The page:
What is important about the pyramid as it pertains to appraising and applying evidence for clinical practice is understanding that the information gleaned from lower levels is much more prone to bias and much less generalizable to broad patient populations. Likewise, evidence extrapolated from higher levels of the pyramid is less prone to bias and more generalizable to broad patient populations. There are exceptions to these statements, of course (for example, a poorly designed or industry-biased RCT may not be better than a well-designed observational cohort study), and there is ongoing controversy in the EBM research community as to whether systematic reviews belong at the top.2 Nonetheless, these broad principles should be used to assess all kinds of evidence.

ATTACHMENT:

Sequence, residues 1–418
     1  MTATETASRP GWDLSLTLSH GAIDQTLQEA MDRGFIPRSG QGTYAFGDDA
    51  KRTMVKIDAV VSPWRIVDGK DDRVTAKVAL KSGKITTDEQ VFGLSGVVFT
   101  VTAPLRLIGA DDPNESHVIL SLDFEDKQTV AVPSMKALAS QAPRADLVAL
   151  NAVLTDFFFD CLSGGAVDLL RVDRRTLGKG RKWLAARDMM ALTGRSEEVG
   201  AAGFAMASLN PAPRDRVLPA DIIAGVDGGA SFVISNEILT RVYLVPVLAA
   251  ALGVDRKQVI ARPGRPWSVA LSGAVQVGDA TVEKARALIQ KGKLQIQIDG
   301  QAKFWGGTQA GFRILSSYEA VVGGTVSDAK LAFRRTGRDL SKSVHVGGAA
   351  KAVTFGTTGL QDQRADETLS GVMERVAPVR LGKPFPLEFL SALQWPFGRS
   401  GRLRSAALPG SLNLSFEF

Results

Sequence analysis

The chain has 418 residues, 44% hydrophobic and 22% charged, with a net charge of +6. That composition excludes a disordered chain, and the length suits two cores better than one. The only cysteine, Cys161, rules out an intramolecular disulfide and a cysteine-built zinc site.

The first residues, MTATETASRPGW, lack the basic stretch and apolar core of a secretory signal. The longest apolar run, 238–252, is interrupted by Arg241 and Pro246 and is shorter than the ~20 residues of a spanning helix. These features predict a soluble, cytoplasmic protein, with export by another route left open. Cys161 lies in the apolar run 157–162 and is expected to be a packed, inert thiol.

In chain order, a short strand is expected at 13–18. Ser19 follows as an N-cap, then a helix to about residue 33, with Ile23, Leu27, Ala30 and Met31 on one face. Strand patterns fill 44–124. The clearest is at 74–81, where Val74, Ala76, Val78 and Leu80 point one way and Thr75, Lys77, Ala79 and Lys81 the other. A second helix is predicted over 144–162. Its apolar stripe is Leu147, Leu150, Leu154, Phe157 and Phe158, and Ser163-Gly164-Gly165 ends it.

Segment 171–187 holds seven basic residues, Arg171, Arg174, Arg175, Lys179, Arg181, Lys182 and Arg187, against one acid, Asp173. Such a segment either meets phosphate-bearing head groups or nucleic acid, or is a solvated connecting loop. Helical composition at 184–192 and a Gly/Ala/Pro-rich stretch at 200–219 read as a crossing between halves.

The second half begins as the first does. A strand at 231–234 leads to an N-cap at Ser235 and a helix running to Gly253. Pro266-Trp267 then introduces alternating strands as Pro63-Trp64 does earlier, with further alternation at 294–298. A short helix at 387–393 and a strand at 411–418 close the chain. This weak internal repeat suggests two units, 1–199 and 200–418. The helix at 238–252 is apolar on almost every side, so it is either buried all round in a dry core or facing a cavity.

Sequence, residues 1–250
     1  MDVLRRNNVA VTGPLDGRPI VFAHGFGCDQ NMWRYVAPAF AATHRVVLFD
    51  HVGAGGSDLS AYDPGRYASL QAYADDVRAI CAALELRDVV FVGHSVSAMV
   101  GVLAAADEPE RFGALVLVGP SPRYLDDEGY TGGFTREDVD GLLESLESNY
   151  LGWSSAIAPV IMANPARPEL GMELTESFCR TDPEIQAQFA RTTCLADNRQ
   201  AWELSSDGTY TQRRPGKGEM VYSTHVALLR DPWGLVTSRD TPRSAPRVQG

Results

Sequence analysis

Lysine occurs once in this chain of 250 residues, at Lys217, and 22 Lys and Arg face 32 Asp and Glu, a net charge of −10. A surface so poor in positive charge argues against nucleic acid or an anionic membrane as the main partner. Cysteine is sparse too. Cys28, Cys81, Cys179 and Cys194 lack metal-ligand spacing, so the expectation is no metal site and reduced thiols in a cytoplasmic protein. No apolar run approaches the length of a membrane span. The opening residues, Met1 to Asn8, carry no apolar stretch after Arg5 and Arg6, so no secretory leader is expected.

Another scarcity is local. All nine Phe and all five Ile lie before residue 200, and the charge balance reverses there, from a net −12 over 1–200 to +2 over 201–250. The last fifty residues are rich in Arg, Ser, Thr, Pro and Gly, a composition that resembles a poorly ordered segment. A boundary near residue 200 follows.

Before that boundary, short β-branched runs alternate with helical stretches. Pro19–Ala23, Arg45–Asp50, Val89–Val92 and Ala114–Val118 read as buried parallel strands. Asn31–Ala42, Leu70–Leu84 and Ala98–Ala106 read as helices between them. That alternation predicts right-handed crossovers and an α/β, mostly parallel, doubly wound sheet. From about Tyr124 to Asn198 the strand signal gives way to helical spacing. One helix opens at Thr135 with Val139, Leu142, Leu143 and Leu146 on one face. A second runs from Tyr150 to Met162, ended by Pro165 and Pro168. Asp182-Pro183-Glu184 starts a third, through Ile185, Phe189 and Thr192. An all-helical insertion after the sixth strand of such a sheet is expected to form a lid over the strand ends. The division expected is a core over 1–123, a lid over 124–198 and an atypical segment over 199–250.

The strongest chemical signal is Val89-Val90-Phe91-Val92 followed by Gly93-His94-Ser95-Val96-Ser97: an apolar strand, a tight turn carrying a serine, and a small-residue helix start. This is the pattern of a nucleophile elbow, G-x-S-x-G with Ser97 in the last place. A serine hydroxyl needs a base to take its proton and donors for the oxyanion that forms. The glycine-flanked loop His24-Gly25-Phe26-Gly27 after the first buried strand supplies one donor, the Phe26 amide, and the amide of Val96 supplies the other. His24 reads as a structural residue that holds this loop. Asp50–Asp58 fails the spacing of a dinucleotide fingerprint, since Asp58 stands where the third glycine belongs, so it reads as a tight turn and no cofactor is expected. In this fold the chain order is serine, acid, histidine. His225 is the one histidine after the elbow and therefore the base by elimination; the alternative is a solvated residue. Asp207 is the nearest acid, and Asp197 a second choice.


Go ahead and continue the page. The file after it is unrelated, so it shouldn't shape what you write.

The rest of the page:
In future editions of “Follow The Science,” we will unpack in greater detail why observational research is more prone to bias and less generalizable to broader populations than, say, the RCT. But for now, let’s think back to our questions about the hypothetical kale study and our single case experience.

You have probably already (correctly) asked yourself, from which type of study was the “kale consumption decreases glaucoma risk” conclusion derived? Additionally, can this type of study tell us if “kale consumption will decrease the risk of glaucoma” in our patient?

A similar study to our fictitious one appeared in 2016 in JAMA Ophthalmology. This observational prospective cohort study (level 3 on our evidence pyramid) concluded, “higher dietary nitrate and green leafy vegetable intake was associated with a lower POAG risk.” 3